The recent introduction of the "precision medicine" concept in oncology pushed cancer research to focus on dynamic measurable biomarkers able to predict responses to novel anticancer therapies in order to improve clinical outcomes. Recently, the involvement of extracellular vesicles (EVs) in cancer pathophysiology has been described, and given their release from all cell types under specific stimuli, EVs have also been proposed as potential biomarkers in cancer. Among the techniques used to study EVs, flow cytometry has a high clinical potential. Here, we have applied a recently developed and simplified flow cytometry method for circulating EV enumeration, subtyping, and isolation from a large cohort of metastatic and locally advanced nonhaematological cancer patients (N = 106); samples from gender- and age-matched healthy volunteers were also analysed. A large spectrum of cancer-related markers was used to analyse differences in terms of peripheral blood circulating EV phenotypes between patients and healthy volunteers, as well as their correlation to clinical outcomes. Finally, EVs from patients and controls were isolated by fluorescence-activated cell sorting, and their protein cargoes were analysed by proteomics. Results demonstrated that EV counts were significantly higher in cancer patients than in healthy volunteers, as previously reported. More interestingly, results also demonstrated that cancer patients presented higher concentrations of circulating CD31+ endothelial-derived and tumour cancer stem cell-derived CD133 + CD326- EVs, when compared to healthy volunteers. Furthermore, higher levels of CD133 + CD326- EVs showed a significant correlation with a poor overall survival. Additionally, proteomics analysis of EV cargoes demonstrated disparities in terms of protein content and function between circulating EVs in cancer patients and healthy controls. Overall, our data strongly suggest that blood circulating cancer stem cell-derived EVs may have a role as a diagnostic and prognostic biomarker in cancer.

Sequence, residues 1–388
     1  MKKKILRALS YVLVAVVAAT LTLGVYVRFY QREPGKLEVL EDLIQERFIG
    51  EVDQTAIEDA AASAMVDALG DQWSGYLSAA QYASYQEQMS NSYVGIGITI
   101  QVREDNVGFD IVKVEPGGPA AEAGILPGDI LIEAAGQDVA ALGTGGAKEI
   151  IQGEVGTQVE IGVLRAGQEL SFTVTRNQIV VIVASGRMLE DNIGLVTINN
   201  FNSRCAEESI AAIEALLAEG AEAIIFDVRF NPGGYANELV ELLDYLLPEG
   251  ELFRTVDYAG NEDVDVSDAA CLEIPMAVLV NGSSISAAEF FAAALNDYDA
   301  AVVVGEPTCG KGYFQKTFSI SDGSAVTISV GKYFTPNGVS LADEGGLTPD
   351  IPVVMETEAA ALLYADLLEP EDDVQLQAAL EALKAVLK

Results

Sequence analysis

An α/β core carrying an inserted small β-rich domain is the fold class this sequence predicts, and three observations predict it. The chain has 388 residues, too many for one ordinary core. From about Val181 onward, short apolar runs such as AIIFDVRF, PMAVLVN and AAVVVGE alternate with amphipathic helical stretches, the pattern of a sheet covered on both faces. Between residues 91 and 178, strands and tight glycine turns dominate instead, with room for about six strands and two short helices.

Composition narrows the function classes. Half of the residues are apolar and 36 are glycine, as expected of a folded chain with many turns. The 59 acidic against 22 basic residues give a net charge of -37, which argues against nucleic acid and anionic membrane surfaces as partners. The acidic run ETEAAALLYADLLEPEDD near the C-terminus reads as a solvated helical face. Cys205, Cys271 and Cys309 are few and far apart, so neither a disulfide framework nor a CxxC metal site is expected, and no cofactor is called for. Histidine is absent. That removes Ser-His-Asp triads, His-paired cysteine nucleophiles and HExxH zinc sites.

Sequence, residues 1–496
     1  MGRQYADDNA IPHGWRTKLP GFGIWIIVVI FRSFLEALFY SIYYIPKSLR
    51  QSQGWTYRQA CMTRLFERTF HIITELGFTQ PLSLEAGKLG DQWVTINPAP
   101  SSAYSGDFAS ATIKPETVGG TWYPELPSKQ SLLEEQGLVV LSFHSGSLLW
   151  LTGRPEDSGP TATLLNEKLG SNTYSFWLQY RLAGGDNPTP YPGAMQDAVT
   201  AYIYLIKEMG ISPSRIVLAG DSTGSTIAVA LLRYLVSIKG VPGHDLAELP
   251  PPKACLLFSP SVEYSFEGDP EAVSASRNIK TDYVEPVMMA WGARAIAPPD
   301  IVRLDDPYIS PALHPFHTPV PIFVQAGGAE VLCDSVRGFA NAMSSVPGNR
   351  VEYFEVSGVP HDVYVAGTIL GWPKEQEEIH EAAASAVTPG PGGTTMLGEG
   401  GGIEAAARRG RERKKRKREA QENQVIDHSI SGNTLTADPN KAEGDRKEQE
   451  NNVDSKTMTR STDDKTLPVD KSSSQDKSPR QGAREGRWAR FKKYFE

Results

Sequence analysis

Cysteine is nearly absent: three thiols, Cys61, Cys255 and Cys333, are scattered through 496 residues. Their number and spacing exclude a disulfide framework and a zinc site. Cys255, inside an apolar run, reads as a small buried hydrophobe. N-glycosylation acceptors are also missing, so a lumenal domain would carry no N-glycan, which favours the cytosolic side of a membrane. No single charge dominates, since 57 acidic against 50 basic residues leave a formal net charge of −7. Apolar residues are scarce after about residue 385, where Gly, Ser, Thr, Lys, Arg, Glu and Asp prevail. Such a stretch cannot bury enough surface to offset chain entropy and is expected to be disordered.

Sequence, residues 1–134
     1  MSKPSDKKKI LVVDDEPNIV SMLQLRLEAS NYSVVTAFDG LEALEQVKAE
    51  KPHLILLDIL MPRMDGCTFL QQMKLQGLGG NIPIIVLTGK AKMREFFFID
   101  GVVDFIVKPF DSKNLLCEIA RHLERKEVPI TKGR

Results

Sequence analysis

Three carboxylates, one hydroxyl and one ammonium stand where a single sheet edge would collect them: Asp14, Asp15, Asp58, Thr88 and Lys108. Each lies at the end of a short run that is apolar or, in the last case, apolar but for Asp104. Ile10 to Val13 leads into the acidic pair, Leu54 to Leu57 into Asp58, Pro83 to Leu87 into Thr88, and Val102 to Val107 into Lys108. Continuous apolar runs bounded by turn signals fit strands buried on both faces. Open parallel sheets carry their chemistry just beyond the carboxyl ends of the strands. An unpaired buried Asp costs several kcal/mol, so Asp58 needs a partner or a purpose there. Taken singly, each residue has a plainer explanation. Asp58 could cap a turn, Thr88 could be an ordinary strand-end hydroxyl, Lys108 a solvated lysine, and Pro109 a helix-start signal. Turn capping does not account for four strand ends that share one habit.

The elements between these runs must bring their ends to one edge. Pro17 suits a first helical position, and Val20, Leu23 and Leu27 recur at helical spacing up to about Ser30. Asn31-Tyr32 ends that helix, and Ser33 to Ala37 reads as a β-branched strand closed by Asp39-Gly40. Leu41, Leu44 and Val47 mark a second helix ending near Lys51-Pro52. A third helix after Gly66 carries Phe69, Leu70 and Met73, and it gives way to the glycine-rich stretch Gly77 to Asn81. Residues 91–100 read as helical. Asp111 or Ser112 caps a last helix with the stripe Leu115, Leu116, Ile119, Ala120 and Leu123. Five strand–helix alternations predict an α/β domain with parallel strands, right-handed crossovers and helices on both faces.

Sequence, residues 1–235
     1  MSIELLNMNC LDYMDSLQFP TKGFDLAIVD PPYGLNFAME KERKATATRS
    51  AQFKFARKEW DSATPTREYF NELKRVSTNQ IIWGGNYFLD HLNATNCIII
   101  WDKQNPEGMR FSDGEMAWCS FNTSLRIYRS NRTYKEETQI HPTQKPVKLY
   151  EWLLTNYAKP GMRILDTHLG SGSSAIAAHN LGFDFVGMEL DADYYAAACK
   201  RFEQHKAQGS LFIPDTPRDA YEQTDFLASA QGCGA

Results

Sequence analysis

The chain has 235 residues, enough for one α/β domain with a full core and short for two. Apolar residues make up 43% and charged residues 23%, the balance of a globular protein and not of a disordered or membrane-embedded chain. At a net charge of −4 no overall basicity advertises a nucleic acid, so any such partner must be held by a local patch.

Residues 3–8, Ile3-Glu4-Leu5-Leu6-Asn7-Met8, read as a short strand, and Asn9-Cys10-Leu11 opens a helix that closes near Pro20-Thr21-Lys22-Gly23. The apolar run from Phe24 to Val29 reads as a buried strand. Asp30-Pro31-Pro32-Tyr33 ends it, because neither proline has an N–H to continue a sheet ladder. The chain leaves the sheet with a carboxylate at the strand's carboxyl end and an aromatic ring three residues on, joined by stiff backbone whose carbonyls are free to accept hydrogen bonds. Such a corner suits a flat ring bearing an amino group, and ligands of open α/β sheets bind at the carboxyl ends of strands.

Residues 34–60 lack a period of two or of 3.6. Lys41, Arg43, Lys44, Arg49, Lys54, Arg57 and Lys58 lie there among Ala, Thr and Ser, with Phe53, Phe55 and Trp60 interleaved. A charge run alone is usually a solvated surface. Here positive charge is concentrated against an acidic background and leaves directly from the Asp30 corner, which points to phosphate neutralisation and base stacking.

Copyright © 2019 D. Brocco et al.